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Cold medication containing oral phenylephrine as a cause of hypertension in children

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A 5-year-old girl presented hypertension [24-h blood pressure (BP) average 135/80 mmHg, above the 99th BP percentile], as confirmed by ambulatory BP monitoring, following the use of a cold preparation (2.5 ml every 8 h for 4 days) containing phenyephrine (1 mg/ml). There was a clear relationship between the administration of the medication and hypertension, and between normalized BP values (24-h BP average 109/66 mmHg, 90th percentile) and the withdrawal of the medication. Alternative causes of hypertension could not be found. This is the first reported case of children’s hypertension related with oral administration of phenylephrine. The potential risk of medicines containing sympathomimetic drugs should not be underestimated, and cold preparations should be included in the differential diagnosis of the etiology of hypertension in children.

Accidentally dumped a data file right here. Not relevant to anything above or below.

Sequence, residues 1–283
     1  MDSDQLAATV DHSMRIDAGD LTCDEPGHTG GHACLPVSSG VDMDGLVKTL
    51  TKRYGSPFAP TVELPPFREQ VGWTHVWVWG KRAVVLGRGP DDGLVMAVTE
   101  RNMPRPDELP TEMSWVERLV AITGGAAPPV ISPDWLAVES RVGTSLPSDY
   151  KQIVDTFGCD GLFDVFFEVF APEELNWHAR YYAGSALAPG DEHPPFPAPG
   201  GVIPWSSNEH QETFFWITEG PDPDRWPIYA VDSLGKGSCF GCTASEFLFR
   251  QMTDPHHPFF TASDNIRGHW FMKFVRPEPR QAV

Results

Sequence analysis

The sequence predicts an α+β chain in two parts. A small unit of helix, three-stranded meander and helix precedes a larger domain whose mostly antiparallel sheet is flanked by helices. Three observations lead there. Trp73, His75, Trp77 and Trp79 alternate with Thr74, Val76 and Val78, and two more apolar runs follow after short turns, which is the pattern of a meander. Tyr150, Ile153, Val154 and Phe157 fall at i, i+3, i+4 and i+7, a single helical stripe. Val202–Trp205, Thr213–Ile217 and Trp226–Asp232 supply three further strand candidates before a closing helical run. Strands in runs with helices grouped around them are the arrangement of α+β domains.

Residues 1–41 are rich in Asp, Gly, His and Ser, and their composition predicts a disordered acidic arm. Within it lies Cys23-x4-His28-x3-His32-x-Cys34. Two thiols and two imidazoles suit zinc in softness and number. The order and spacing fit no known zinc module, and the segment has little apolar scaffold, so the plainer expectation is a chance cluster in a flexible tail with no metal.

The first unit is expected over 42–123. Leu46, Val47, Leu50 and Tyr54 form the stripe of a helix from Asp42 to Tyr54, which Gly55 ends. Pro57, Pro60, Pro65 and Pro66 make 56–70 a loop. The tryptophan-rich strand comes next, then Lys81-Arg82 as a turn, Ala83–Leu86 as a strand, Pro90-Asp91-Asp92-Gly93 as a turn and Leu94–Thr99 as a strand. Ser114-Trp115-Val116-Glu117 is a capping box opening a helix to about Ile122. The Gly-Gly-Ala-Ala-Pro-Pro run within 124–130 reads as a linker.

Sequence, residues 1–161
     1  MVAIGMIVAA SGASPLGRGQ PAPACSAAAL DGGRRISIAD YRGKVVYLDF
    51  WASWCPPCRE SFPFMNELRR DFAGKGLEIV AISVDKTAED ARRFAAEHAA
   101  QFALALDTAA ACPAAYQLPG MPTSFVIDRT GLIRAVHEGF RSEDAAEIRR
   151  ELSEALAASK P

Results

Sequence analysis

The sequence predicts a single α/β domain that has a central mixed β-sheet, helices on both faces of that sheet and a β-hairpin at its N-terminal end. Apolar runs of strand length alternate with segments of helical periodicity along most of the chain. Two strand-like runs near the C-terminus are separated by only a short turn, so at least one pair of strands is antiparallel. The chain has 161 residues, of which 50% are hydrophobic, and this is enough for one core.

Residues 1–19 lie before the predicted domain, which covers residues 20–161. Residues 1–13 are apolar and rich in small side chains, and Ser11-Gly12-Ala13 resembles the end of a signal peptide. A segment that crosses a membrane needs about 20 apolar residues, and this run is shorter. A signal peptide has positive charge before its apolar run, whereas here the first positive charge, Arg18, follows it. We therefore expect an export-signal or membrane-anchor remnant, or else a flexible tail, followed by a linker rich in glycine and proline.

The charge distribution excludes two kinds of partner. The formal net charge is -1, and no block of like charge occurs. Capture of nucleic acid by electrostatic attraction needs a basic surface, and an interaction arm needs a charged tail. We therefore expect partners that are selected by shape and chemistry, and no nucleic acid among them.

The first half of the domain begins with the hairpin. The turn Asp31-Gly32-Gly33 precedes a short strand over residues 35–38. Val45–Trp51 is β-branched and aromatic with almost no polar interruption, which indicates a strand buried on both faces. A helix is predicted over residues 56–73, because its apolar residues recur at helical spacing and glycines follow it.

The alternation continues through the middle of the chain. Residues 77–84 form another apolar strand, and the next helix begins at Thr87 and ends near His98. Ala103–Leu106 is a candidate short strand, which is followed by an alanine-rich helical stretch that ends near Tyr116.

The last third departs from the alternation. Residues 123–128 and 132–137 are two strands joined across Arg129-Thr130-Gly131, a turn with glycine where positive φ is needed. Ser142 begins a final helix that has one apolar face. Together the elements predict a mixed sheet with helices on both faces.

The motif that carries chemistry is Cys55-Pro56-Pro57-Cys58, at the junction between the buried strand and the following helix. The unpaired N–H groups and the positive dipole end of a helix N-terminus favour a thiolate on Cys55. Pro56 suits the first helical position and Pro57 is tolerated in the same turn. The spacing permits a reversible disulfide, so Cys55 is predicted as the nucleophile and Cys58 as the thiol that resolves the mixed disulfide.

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Correspondence to Francisco J. Morales-Olivas.

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Morales-Carpi, C., Torres-Chazarra, C., Lurbe, E. et al. Cold medication containing oral phenylephrine as a cause of hypertension in children. Eur J Pediatr 167, 947–948 (2008).

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